Three quarters of a billion people can’t read this sentence in any language, and perhaps one billion more are being held back through lack of access to books and low levels of literacy. September 8th is International Literacy Day and there is a lot to celebrate. But the reality is that these statistics have remained stubbornly stable over the past fifty years. We can’t keep doing the same thing with the same resources and expect anything to change.
The good news is that even as we see momentum slowing, there are two key opportunities that can help us break through and make real progress towards universal literacy.
Digital technology: The extraordinary adoption of the mobile phone. Technology helps get people reading in several important ways, from lowering the distribution costs of books to near-zero to making it easier for people to find content directly relevant to their lives, often from local publishers. But perhaps even more importantly, it causes people to look at reading in a new way, and its very convenience increases people’s likelihood to read. Kenyan teacher Daniel Ochieng learned this when Worldreader launched a project at Magoso Primary School that delivered Kindles packed with books from our digital collection to his students:
Every morning children flock into this office asking for e-readers. And every time they come they want to spend the whole day with them just reading. If the e-readers are busy in a classroom, you’ll find the children in the library looking for books—they want to read. If I’d be allowed to rate the difference since we received the e-readers, I’d say we’ve seen about a 50% increase in library attendance.
If we can use digital reading to foster cultures of reading like this, we can help entire generations become lifelong readers.
For-profit/nonprofit partnerships: Less obvious but just as important is the increased value placed on for-profit/nonprofit partnerships by customers and employees. Numerous surveys suggest that roughly half of prospective employees say that they only want to work for companies that display a strong social commitment. And companies with innovative business models are collaborating with nonprofits in ways that burnish their brand image and help nonprofits achieve their goals. The for-profit economy dwarfs the nonprofit economy. So it stands to reason that if we want to get billions of people reading, joining forces in innovative ways could create a force large enough to make a real difference.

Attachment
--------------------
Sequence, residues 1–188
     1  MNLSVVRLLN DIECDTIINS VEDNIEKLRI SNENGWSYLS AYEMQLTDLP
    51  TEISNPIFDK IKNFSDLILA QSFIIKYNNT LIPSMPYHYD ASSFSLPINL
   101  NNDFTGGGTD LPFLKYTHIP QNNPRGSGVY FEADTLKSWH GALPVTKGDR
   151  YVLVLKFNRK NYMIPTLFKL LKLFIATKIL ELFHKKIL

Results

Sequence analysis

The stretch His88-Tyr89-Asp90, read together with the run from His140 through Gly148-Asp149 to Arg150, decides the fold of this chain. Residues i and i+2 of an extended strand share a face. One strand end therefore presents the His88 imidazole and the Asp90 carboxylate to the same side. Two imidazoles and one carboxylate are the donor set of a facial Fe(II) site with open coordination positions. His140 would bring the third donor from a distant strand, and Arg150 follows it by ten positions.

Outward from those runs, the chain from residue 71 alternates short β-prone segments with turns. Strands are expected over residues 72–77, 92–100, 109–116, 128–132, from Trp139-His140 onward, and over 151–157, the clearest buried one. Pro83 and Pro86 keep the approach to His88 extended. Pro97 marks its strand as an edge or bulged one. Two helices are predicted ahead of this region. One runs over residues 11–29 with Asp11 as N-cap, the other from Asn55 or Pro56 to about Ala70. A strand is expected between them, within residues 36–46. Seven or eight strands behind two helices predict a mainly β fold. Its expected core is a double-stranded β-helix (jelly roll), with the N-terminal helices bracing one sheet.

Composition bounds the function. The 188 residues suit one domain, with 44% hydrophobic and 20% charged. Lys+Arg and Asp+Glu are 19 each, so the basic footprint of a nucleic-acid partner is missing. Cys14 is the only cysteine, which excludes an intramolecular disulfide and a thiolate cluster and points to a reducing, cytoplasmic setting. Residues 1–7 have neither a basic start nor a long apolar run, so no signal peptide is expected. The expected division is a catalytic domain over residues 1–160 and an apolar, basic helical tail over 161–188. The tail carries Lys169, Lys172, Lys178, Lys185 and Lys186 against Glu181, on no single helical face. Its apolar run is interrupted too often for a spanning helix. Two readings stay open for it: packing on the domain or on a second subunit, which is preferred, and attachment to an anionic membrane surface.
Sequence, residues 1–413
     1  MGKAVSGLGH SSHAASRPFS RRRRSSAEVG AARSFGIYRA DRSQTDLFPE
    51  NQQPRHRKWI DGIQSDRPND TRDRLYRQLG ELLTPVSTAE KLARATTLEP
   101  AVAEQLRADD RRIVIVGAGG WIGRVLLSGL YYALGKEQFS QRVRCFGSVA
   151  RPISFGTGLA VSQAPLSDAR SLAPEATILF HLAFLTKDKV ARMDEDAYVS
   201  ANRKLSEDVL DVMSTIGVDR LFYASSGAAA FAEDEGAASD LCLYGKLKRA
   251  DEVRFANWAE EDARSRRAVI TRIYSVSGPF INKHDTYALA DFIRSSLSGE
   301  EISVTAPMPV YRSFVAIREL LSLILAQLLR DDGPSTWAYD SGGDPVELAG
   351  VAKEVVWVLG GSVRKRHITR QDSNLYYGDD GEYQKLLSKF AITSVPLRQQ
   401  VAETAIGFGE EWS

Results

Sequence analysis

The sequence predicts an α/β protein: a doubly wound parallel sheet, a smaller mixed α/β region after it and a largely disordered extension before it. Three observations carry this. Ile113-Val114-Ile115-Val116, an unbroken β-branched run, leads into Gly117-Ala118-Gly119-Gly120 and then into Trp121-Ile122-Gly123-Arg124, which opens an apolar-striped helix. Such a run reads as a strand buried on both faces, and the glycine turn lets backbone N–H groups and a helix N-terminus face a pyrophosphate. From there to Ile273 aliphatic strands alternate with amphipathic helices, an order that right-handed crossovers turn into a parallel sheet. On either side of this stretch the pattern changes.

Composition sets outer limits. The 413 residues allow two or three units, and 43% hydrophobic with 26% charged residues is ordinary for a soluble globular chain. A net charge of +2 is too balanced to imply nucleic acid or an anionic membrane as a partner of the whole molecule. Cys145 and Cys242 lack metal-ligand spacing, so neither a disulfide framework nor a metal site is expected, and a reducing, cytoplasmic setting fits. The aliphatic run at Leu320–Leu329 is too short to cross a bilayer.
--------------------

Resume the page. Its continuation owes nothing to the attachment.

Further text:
In the seven years since Colin McElwee and I founded Worldreader, the organization has helped more than 6 million people read thanks to focusing on technology and partnerships. Tech companies like Amazon and Opera have helped us bring access to far-flung corners of the world via e-readers and mobile apps, publishers like Penguin RandomHouse and Ghana’s SmartLine Publishing have helped us build a library of 40,000 free digital books in 43 languages, and educational institutions like the Kenya National Library Service and Camfed have helped us bring digital reading to schools and libraries in more than a dozen countries. Our Read to Kids program, co-founded with Project Literacy and Pearson, reached 200,000 families with access to children’s books in its pilot in India and is now expanding to Syrian refugees and host communities in Jordan.
And there’s more: nobody needs to guess or wonder about the impact. Digital technology produces data in real-time. We have seen our programs double student reading and increase word recognition six-fold. We have seen them turn South African romance novels into a worldwide phenomenon among our readers. We have seen them spark habits of reading with their children in parents in India who doubted their own reading skills beforehand.
As a donor to many organizations myself, I’ve come to recognize that the organizations I most want to support are those that are innovating in ways that produce large-scale change. The smart use of technology and partnership with for-profit companies need to be a part of the social-change landscape —I just can’t see improving the lives of billions of people in any other way.
This year, the theme of International Literacy Day is Literacy in a Digital World. If we’re not careful, literacy in a digital world could still be a privilege that many cannot access; but with a collaborative effort, digital reading can disrupt the status quo. So for the sake of the three-quarters of a billion people who can’t read this post, I’m calling for all hands on deck to create a world where everyone can be a reader.
David Risher is a former executive of Amazon and Microsoft and the President and Co-Founder of Worldreader.
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